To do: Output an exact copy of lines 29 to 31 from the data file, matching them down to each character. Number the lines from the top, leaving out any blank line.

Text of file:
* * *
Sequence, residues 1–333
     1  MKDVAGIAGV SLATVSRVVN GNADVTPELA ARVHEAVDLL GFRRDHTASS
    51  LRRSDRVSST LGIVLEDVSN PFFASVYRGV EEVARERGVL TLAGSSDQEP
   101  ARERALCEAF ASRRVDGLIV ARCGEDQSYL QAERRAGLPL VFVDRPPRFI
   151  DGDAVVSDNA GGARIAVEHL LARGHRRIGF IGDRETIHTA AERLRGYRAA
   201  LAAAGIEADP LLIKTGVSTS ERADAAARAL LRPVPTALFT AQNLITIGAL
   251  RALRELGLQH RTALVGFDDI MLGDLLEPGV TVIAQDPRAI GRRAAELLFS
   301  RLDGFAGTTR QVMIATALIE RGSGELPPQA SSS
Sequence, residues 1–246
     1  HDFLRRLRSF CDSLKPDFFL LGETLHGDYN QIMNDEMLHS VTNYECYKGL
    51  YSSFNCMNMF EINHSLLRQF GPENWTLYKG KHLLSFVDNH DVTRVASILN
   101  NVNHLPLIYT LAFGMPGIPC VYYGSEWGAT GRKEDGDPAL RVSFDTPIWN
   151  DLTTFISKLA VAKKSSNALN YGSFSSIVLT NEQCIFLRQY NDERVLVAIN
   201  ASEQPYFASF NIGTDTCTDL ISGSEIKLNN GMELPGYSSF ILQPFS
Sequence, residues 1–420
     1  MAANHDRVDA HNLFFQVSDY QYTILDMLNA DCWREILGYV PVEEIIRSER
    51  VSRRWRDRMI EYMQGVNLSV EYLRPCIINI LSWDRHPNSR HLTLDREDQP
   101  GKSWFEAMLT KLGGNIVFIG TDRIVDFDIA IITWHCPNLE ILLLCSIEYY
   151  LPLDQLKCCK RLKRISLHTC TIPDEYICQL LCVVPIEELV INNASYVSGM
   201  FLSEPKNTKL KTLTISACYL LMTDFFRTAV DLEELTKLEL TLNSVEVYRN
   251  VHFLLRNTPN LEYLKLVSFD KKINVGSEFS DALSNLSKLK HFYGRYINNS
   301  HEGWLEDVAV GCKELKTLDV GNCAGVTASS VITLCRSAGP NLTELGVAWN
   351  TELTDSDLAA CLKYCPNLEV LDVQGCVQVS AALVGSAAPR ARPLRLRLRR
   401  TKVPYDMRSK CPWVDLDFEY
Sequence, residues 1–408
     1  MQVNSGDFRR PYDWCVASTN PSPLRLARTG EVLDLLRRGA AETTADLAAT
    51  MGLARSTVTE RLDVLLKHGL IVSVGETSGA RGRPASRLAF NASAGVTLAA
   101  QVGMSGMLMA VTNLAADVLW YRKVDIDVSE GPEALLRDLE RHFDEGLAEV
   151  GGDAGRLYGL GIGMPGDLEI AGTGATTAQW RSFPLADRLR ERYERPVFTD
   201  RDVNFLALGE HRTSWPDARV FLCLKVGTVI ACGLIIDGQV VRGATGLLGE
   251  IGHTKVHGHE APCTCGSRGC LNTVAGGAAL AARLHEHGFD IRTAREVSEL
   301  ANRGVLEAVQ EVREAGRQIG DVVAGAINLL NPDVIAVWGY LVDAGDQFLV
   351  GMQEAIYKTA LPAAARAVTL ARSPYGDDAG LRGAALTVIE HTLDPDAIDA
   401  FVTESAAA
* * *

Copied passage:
   151  GGDAGRLYGL GIGMPGDLEI AGTGATTAQW RSFPLADRLR ERYERPVFTD
   201  RDVNFLALGE HRTSWPDARV FLCLKVGTVI ACGLIIDGQV VRGATGLLGE
   251  IGHTKVHGHE APCTCGSRGC LNTVAGGAAL AARLHEHGFD IRTAREVSEL